“I remember in Year 7, when I was 12, going up to my school chaplain and telling him that I was going to join the priesthood.
“He laughed and said, ‘Come back in Year 11.’
“To his surprise, I did.”
While Jonathan’s close friends “saw it coming”, he still encounters “surprise at someone so young, so normal, joining the seminary”.
“People outside the seminary don’t really understand exactly what you’re doing, the nature of the spiritual year.
“I think it has been very helpful to take a step back because it allows you to focus, heart and mind, on the things that you’re doing.”
Jonathan is a people person to his core.
“I love the fraternal, community living here,” he said.
“Coming from such a big family, there are nine of us who live at home, three generations of the family.
“I’ve always had a lot of friends, I’ve loved going out with friends and being with people.”
Sharing the experiences of seminary life is richly rewarding for him.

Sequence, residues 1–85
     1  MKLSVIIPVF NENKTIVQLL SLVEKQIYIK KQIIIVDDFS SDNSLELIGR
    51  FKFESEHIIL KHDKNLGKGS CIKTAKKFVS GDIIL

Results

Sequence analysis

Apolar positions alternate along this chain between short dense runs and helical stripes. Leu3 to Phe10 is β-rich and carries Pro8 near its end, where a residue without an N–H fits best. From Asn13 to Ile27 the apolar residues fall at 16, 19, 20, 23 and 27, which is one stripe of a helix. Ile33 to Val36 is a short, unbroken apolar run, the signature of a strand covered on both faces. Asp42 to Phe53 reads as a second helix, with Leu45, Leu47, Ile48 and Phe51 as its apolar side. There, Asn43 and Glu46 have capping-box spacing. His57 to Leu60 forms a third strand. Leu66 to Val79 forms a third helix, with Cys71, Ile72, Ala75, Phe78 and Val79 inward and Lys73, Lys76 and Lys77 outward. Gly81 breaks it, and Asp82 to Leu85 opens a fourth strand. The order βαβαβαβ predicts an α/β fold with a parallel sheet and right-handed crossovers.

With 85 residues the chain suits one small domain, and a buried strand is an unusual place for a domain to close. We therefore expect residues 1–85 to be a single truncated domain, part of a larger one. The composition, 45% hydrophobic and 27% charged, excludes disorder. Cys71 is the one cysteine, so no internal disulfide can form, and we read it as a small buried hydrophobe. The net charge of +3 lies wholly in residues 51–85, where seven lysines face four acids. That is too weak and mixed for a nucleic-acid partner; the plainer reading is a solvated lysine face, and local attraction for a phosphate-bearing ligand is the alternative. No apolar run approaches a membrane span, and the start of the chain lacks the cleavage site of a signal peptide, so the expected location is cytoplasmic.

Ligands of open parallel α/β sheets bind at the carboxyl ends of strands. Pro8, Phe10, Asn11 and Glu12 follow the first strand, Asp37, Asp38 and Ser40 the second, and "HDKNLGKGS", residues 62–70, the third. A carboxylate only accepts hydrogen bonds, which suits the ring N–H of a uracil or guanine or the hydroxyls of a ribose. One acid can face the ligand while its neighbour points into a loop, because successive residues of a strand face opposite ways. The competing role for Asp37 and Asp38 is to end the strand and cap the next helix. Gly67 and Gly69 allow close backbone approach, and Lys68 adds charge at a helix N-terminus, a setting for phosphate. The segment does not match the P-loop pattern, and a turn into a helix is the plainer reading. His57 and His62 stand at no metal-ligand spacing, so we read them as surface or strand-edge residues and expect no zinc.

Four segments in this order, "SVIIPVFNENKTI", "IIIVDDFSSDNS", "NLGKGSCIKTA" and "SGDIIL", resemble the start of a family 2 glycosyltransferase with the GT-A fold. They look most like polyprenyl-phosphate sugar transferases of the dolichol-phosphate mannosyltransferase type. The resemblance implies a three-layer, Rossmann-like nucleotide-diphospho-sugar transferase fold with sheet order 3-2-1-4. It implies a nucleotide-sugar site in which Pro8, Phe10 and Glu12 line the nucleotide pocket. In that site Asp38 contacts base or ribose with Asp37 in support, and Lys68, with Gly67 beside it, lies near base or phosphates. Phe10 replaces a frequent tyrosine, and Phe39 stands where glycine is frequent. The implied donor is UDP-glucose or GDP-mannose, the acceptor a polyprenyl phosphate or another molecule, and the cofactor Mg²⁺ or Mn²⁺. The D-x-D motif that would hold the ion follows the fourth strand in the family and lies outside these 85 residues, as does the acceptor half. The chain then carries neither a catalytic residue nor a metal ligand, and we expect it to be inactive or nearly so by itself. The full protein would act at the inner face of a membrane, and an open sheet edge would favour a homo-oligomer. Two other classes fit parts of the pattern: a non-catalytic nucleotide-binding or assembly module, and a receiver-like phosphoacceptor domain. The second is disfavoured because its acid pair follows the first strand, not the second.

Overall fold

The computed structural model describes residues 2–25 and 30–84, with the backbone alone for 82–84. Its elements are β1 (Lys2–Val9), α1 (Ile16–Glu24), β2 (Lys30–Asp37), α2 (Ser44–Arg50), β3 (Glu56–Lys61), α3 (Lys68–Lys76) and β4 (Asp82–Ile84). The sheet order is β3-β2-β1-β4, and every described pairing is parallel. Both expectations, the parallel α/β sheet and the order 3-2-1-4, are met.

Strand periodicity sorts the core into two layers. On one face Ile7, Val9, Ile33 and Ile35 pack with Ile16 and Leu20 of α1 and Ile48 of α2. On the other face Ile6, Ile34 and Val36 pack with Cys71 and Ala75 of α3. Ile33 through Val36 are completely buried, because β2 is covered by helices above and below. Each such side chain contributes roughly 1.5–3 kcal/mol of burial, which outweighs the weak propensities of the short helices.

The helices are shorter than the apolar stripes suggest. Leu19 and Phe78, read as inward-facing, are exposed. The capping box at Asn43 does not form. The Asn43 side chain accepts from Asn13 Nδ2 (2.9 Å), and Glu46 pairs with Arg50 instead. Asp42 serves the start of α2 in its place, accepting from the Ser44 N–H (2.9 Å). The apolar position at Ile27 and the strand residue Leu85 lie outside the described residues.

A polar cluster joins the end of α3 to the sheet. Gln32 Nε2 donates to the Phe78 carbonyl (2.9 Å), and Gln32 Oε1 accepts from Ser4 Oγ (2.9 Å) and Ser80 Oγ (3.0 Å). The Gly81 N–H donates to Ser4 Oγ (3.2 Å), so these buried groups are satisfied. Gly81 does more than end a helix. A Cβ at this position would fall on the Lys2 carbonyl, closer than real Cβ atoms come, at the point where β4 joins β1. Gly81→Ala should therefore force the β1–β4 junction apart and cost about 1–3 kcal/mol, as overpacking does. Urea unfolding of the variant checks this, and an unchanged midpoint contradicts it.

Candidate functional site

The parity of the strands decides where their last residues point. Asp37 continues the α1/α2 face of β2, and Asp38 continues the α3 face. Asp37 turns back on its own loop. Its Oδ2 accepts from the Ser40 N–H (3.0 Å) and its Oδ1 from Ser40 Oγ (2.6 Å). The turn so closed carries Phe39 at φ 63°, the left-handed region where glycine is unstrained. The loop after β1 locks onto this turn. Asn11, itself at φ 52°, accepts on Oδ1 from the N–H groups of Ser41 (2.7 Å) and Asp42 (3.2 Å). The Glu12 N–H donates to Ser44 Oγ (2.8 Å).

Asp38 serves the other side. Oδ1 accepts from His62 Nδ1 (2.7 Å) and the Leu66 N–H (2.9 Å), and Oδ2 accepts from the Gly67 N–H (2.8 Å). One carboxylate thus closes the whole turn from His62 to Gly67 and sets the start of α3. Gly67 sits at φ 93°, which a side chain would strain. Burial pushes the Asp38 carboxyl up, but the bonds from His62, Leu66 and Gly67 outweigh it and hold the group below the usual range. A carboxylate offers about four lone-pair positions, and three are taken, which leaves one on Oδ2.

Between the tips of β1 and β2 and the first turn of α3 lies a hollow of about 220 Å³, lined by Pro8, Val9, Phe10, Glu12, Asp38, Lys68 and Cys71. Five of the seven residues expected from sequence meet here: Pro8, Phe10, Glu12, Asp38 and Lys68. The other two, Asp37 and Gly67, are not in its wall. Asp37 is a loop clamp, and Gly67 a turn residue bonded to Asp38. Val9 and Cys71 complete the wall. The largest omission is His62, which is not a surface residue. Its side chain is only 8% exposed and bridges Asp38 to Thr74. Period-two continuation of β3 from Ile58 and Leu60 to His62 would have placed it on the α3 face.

“It brings people together, the fact that everyone is going through the same thing, be they from different paths of life or experiences.”
He is a keen musician, having playing piano for 11 years.
At 12 he performed in the choir at World Youth Day 2008 in Sydney.
“It actually helped me get in touch with that aspect of service in ministry, because they were long rehearsals, long hours, and being so close to all the
clergy… the choir was nestled between stands full of cardinals from around the world, five metres away from the pope.”
The choir received a private blessing from Pope Benedict XVI, which was “amazing”.
To have witnessed a change of pope as he discerned his vocation was “big news”, Jonathan said.
“I had Pope Benedict from primary school, so having this new pope, who is always in the media, it’s been really good.